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Voices For The Voiceless: UK Hip Hop's New Wave

Tuesday, 01 October 2013 Written by Jonathan Rimmer

The British rap scene is a strange and exciting place in 2013. Though leading figures may be sleeping, hip hop is slowly being resuscitated by a generation of hungry and passionate MCs from all over the country, and the nature of this revival is striking.

Previously taboo subjects are increasingly prevalent in the lyrics of the UK's biggest MCs, and, most interestingly, political and socially conscious themes are at the heart of this rap agenda. This wave has embraced the same culture of resistance that saw the likes of Public Enemy cause such a stir a quarter of a century ago.

MCs and broadcasters have been heard to refer to 2001-2006 as the “golden age” of UK hip hop, a period that saw the scene energised by the likes of Jehst, Klashnekoff and crews such as Task Force, while the rise and “fall” of grime also played out within a similar timeframe. Even if the word “pop” crops up as a suffix, Wiley, Tinie Tempah and Dizzee Rascal remain fixtures on daytime Radio 1 and it is not hard to see why they're regarded as the voices of urban music in the UK – even the Queen's a fan apparently.

Now things are bubbling up again, with the scene becoming a vehicle for artists seeking social and political change. Before any real blows can be struck, though, a few worldviews need to change, on both sides of the mic. The ‘establishment’ will always attempt to sanitise what is at its core, anti-establishment. That’s a tale as old as time and in recent years there have been a number of occasions when old ideas threw up roadblocks to MCs with something new to say.  

In 2011, Lowkey's sophomore LP 'Soundtrack To The Struggle' troubled the UK album charts, and also found success in America, Canada and Australia. The album is an angry, passionate work that tackles misogyny, war, racism and class issues over the course of an hour. Despite this, and millions of hits for promos on YouTube, the album received little to no mainstream coverage.

Despite this, politically motivated hip hop still makes up a large portion of the underground movement in the UK. M9 has been breaking new ground with his technical lyricism and oppressive noir sound, but the bigger names are even more politically active. The Peoples Army, who describe themselves as a  movement of “like-minded thinkers” want to raise awareness of issues through their rhymes – the key slogan in all this being “knowledge is power”. Heads as diverse as Akala, George the Poet, Mic Righteous, Maverick Sabre, Logic and Lowkey himself are on board.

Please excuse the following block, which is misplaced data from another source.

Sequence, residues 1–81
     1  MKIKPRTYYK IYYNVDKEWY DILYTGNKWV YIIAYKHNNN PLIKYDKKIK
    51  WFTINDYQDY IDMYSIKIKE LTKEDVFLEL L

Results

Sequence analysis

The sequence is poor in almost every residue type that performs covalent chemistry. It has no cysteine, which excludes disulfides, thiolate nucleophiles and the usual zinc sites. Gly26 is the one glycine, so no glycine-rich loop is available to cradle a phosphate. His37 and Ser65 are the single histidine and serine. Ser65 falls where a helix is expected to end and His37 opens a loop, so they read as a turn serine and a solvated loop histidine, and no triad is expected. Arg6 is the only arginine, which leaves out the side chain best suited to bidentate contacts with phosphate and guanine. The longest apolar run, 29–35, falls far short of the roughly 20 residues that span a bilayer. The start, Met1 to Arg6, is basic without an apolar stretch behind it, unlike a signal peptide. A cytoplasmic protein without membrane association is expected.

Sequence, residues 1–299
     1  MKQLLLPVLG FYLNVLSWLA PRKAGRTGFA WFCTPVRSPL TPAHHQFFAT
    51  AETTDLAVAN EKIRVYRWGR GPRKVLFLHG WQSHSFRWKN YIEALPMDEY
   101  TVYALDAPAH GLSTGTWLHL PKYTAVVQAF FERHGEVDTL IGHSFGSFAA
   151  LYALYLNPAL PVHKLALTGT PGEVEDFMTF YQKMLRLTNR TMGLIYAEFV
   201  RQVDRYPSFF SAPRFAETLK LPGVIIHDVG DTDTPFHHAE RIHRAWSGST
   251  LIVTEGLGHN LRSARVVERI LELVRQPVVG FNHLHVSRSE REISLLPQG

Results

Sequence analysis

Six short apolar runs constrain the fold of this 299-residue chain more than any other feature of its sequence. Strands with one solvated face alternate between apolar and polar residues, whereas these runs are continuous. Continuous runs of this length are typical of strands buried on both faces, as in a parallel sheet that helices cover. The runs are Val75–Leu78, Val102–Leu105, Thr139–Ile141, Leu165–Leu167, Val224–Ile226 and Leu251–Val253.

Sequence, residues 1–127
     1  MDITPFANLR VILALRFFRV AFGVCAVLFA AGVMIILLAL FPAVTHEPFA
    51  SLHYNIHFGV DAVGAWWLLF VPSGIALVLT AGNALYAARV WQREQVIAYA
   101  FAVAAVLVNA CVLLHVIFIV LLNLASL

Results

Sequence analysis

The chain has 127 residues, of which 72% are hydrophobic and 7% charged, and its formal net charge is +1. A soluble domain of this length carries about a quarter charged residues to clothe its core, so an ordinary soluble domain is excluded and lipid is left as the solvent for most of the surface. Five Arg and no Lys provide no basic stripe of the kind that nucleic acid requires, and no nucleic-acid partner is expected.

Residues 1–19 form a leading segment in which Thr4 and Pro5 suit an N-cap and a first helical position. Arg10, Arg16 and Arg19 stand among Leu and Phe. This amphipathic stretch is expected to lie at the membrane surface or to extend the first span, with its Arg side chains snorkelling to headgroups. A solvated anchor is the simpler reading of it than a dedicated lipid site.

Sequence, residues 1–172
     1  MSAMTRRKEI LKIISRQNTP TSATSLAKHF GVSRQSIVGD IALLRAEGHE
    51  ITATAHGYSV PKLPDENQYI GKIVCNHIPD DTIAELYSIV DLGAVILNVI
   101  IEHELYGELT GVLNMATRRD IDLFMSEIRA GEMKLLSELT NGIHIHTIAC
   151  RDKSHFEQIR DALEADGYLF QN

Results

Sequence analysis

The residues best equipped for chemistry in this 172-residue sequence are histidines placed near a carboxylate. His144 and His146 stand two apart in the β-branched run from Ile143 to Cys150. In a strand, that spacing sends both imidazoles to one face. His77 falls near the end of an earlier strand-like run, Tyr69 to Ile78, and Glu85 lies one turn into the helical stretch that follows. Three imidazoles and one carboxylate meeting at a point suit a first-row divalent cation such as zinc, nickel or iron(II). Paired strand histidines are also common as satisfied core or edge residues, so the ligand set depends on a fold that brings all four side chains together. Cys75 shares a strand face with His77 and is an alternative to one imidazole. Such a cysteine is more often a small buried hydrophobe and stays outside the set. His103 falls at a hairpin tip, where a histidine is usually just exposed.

The biggest influences on these MCs and producers remain the pioneers and legends of hip hop, but they are also drawing on elements of British music and culture as building blocks. Last Resort, a highly respected producer in this crew, acknowledged the influence of the greats both lyrically and culturally but was also quick to highlight Britain's great musical heritage. “All our great musical movements have always been an original take on things,” he said. He’s influenced by punk, drum and bass, dubstep, grime and trip hop. The message: we can do our own thing.

Also becoming an important part of the UK scene is battle rap - led by the popular, influential Don’t Flop. Last Resort fondly identifies with Don't Flop saying that, “there is something really special going on there”. As well as the development in format, it is also quite staggering how many boundaries have been broken down in the UK battle scene alone.

Ideas of class have been challenged with a new brand of “posh rapper” emerging, particularly in the form of Shuffle T and Marlo, who went viral with their bad bars battle. The league also has a selection of female battlers, such as Dekay, and we also recently saw the first case of a rap battler coming out as bisexual.

Adam Felman, also known as Mos Prob, recently suggested on a Don't Flop blog that “viewing hip hop as a craft rather than a culture” changes the terms of participation dramatically. After all, middle class kids can still support and identify with “the struggle” without being part of it.

When we caught up with him, Felman was keen to stress that the broad spectrum in terms of class, race and sexual orientation has seen Don't Flop become particularly “progressive in terms of writing”. “OTT racial stereotypes, gay jokes and misogynistic threats have become ridiculous to the point of parody,” he said. “It is the 21st Century and we should all be past that.”

But is it like this across the board? “The problem lies in certain MCs' ignorance with regards to issues outside of their comfort zone,” Felman said. “There's some really playgroundy stuff. I'd say you should leave your stuff in the ring.” 

Today's movement of UK hip hop artists represents a counter-culture to not only the mainstream, but to what we are conditioned to think of as rap music. As this movement continues to yield talented artists with their own voices, can we really afford to ignore them any longer?



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